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CFO says Bakken most profitable US play

Low gas prices hardly affect breakevens

Bismarck — Bakken producer Northern Oil and Gas chief financial officer Nick O'Grady described natural gas as "a byproduct" Wednesday, as exploration and production companies target the most oil-rich wells in order to boost internal rates of return.

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"Oil leverage is really important," O'Grady said at the Bakken Conference and Expo in Bismarck, North Dakota. "Gas is not a profitable business. It is a byproduct now."

O'Grady also suggested the Bakken is possibly the most profitable patch in the country, even rivaling the prolific Permian Basin.

"The Permian has six to seven production zones while the Bakken has only two," he said. "During the downturn most of the capital flooded to the Permian Basin. They say you can't teach an old dog new tricks, but pound for pound, the Bakken is probably the most profitable basin in the United States today."

Northern Oil and Gas holds approximately 178,000 acres in the Bakken.

"The advancements in completions, along with lower cost of entry" provide advantages for the Bakken, he added. "The Bakken has a high oil cut at 80-plus percent. Also, you are seeing a parent-child relationship in the Permian where wells are producing less as they drill more and more. And Permian wells might start at about 80% oil, but after a year or so they are only producing about 50 to 60% oil."

He also mentioned how capacity constraints in the Permian have led to negative pricing at the Waha Hub.

"We've also had several times in the Permian this year where gas was actually negative, meaning you have to pay people to take it away," O'Grady said. "That's not to say the Bakken doesn't have its own infrastructure constraints. But in general, the Bakken is only halfway through its life cycle and there is plenty of room for growth."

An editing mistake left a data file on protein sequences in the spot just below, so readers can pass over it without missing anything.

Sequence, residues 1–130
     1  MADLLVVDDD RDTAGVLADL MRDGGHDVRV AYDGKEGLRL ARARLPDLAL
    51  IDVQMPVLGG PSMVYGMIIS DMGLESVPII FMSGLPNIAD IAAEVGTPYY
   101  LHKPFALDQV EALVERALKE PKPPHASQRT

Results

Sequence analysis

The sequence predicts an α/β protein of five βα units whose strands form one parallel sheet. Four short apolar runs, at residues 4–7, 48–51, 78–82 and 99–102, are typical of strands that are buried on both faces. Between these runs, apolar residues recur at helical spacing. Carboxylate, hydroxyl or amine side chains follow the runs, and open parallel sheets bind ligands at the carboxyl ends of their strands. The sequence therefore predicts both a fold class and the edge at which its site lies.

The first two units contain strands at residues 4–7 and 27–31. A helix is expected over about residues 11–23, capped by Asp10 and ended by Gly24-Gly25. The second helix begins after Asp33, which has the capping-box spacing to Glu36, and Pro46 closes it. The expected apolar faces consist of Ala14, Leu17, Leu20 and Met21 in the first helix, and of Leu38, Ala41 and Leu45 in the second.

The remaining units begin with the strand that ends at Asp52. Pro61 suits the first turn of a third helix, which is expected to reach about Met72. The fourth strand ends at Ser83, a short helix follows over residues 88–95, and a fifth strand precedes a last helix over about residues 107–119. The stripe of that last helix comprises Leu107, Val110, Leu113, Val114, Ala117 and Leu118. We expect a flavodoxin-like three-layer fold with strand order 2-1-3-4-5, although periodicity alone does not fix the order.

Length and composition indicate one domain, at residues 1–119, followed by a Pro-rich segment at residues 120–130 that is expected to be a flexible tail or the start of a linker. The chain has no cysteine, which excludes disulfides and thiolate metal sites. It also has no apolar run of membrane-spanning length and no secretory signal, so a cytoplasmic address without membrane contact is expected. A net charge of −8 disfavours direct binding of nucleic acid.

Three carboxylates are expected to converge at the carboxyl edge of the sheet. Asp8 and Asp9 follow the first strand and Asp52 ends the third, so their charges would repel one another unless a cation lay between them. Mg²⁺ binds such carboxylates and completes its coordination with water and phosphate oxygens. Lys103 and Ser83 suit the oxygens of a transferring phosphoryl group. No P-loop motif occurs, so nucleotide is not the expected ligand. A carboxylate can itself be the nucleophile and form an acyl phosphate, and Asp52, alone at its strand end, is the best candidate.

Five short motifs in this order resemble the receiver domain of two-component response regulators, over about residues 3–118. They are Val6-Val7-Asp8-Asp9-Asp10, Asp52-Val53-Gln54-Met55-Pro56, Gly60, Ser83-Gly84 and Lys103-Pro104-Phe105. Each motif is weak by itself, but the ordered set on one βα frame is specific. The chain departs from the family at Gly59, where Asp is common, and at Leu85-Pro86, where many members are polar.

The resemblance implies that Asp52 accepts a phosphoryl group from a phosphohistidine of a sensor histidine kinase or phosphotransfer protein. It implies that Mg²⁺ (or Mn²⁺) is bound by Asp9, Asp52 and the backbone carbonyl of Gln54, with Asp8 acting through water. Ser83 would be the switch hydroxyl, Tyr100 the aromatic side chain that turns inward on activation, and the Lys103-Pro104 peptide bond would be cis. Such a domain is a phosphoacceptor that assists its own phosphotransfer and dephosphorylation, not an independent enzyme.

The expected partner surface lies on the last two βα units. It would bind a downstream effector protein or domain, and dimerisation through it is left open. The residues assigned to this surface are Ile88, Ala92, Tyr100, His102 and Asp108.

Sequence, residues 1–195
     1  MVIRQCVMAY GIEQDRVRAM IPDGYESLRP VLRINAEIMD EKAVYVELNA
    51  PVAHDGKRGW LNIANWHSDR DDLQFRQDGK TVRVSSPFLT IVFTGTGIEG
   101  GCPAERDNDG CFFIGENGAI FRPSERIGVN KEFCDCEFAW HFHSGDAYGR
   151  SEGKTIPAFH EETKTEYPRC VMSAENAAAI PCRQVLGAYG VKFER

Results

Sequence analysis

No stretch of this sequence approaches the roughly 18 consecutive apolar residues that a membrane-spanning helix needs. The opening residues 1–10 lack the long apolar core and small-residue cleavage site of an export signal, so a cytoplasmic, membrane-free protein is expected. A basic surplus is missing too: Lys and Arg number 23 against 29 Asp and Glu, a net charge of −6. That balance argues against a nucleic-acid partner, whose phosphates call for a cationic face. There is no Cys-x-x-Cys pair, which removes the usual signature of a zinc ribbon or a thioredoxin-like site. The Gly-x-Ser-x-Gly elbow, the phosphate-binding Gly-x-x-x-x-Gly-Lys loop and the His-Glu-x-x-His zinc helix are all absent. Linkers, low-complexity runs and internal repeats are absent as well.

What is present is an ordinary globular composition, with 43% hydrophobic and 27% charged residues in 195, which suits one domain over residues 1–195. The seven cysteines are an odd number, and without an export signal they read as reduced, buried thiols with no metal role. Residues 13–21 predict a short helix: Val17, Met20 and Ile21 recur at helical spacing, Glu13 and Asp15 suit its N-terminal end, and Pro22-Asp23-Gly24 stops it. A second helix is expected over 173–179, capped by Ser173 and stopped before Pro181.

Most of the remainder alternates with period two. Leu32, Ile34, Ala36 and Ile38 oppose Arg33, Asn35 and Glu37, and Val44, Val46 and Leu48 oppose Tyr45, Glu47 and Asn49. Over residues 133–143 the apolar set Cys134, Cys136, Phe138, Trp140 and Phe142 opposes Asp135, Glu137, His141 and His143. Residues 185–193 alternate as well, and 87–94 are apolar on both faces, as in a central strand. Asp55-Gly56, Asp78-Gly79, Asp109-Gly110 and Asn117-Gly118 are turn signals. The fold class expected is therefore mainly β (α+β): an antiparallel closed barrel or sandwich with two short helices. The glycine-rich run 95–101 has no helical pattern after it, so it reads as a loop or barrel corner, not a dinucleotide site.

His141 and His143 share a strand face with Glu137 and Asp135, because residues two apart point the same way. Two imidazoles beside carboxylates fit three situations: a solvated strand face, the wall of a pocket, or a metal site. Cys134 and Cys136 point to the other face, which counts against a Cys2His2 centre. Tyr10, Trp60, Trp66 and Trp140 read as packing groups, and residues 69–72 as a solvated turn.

Even still, the extremely low gas prices have had little effect on internal rates of return in oil-rich plays. Henry Hub gas prices and natural gas liquids prices are much weaker this year than they were a year ago thus decreasing the revenue that shale oil producers realize and increasing breakevens.

Waha reached as low as minus $6.60/MMBtu in early April.

Relief is coming, at least in the Permian, with the new Gulf Coast Express pipeline expected to be operational by October, according to S&P Global Platts Analytics.

Shale oil breakevens unaffected

The relatively high oil content of plays like the Bakken and Permian (between 56% and 85%) and the price/Btu disparity among crude oil, gas and NGLs soften the impact of lower prices.

For instance, $2.50/MMBtu equates to an oil equivalent of $15/b (assuming 6 MMBtu/b) and NGLs only get around 30% of WTI. For example, the Bakken has 85% oil content, but oil represents 94% of total revenue, according to Platts Analytics.

For the Permian, the negative gas prices realized in April (minus $0.5/MMBtu) increase breakevens by only 9% from $39.10/b to $42.80/b (WTI). The disparity is even less in the Bakken, where breakevens only add 30 cents to $43.40/b under low gas and NGL prices.

Bakken IRRs currently rank fourth in the nation at 23.9%, about 10 percentage points below the Permian-Midland, according to Platts Analytics. Platts Analytics IRRs are based on a half-cycle, before-tax analysis, which excludes sunk costs such as acreage acquisition, seismic and appraisal drilling.

-- Brandon Evans,; Anne Swedberg,

-- Edited by James Bambino,